A Terrible Way to Mark Domestic Violence Awareness Month

October 14, 2011

Disturbing news from the October 12 edition of the New York Times: “By a vote of 7-3, the [Topeka, Kansas] City Council repealed the local law that makes domestic violence a crime.”

Amid budget cuts and a lot of finger-pointing among city leaders, the district attorney’s office, and Shawnee County officials,  the city council’s vote shunted Topeka’s responsibility for prosecuting domestic violence cases onto the state of Kansas.

The city of Topeka, after a 10 percent municipal budget cut, squared off against the Shawnee County district attorney’s office over the prosecution of misdemeanor domestic violence. Between September 8 and October 7, the district attorney’s office dropped more than 30 misdemeanor domestic violence cases. Misdemeanor charges can arise from terrifyingly brutal scenarios, like the case in which a victim’s partner beat her with a crowbar, resulting in two broken wrists and 24 stitches.

October is Domestic Violence Awareness Month. Ironic, is it not? Let’s hope that other cash-strapped municipalities do not see this outrageous move as a green light to shirk their own duties for protecting victims of domestic violence.

AAUW advocates for freedom from violence and the fear of violence in homes, schools, workplaces, and communities. Thus, we support efforts to create practical solutions to enhance collaboration between victims’ service organizations and civil legal assistance providers. We also advocate  to strengthen and improve the response of the criminal justice and legal systems for survivors of domestic violence, dating violence, sexual assault, and stalking.

This post was written by AAUW Director-at-Large Amy Blackwell.

AAUWguest By:   |   October 14, 2011


  1. erinprangley erinprangley says:

    Amy – Thank you for flagging this extreme example of political hubris and real world pain that victims of domestic violence encounter from callous public officials. There was a recent update that Shawnee County District Attorney Chad Taylor had resumed prosecution of these cases. http://www.reuters.com/article/2011/10/13/us-crime-abuse-idUSTRE79C0FX20111013 But, that hardly addresses the dangerous political gamesmanship that continues to threaten the lives of women. We’ll see these games played out during annual federal appropriations where critical anti-domestic violence programs will be threatened in the name of “fiscal responsibility.” Thank you, Amy, for reminding us all that politicians at every level of government need to be held accountable to women (and the men who respect women) who vote!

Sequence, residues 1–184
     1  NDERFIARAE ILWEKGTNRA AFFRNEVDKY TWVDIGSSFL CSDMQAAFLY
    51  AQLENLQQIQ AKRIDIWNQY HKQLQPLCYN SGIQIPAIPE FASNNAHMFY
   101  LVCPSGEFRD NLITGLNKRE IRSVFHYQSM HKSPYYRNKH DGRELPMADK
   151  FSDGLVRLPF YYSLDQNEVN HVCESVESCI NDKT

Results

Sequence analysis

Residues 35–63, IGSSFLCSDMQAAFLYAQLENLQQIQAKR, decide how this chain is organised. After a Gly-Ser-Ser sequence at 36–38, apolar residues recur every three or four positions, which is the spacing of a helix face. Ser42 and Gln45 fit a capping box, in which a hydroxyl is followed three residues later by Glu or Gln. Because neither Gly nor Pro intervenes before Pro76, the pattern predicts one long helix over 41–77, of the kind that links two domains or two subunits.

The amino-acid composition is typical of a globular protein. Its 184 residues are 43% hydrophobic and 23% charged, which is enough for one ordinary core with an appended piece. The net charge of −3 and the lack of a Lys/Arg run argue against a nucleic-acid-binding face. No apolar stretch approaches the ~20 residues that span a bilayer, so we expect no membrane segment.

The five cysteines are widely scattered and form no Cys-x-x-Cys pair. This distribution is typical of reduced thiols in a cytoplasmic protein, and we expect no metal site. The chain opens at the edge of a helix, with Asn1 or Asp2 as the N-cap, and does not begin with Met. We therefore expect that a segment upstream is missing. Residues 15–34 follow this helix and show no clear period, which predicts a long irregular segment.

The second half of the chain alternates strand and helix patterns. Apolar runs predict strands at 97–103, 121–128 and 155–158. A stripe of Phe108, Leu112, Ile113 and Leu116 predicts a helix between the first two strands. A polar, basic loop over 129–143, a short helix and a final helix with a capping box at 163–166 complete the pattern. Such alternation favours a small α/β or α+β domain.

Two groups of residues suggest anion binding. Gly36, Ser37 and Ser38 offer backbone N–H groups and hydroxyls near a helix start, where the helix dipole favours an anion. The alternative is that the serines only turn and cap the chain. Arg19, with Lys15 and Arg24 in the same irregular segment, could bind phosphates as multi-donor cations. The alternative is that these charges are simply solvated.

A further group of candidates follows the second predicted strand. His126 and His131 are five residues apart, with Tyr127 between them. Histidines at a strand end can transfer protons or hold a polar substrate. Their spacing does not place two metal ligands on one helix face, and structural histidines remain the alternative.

2. Avatar Barbara Price says:

    After 20 years working in the field of domestic violence it still amazes me that when it comes to a budget crunch the first thing to go is funding that supports and protects women and children. Thank goodness steps were taken to not let this happen, but without the vigilence and advocacy of groups like AAUW and those in the field of domestic violence and social media, it just might have gone forward.

  3. Avatar advocatepat says:

    Thank you, Amy, for expressing the outrage that most of us feel — that women are considered expendable, to be mistreated at will by spouses or partners, that the problem is theirs alone. For several years I worked as a volunteer tutor in a shelter for abused women in Boston. I helped many of them record their history of abuse, in order to prepare them for court proceedings. It always saddened and outraged me to hear how violence was wreaked upon them and how limited they were in seeking relief because of the atmosphere of fear and initimidation surrounding them. These victims need every support the legislative and legal systems can offer them, State and city budgets should support those most in need, and not abandon them.

Join the Conversation

You must be logged in to post a comment.